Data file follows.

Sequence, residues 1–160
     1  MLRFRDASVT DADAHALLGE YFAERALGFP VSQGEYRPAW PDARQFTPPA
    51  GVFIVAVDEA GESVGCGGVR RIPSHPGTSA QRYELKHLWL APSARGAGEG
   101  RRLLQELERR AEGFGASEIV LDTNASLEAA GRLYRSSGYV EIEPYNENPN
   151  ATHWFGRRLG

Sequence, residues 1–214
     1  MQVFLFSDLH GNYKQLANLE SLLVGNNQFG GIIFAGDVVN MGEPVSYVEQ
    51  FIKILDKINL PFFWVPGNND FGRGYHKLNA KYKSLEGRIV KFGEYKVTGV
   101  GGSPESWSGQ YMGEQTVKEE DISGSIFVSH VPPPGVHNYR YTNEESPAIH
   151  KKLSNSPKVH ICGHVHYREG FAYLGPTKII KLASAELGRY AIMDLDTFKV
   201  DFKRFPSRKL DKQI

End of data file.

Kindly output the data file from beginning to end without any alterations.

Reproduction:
Sequence, residues 1–160
     1  MLRFRDASVT DADAHALLGE YFAERALGFP VSQGEYRPAW PDARQFTPPA
    51  GVFIVAVDEA GESVGCGGVR RIPSHPGTSA QRYELKHLWL APSARGAGEG
   101  RRLLQELERR AEGFGASEIV LDTNASLEAA GRLYRSSGYV EIEPYNENPN
   151  ATHWFGRRLG

Sequence, residues 1–214
     1  MQVFLFSDLH GNYKQLANLE SLLVGNNQFG GIIFAGDVVN MGEPVSYVEQ
    51  FIKILDKINL PFFWVPGNND FGRGYHKLNA KYKSLEGRIV KFGEYKVTGV
   101  GGSPESWSGQ YMGEQTVKEE DISGSIFVSH VPPPGVHNYR YTNEESPAIH
   151  KKLSNSPKVH ICGHVHYREG FAYLGPTKII KLASAELGRY AIMDLDTFKV
   201  DFKRFPSRKL DKQI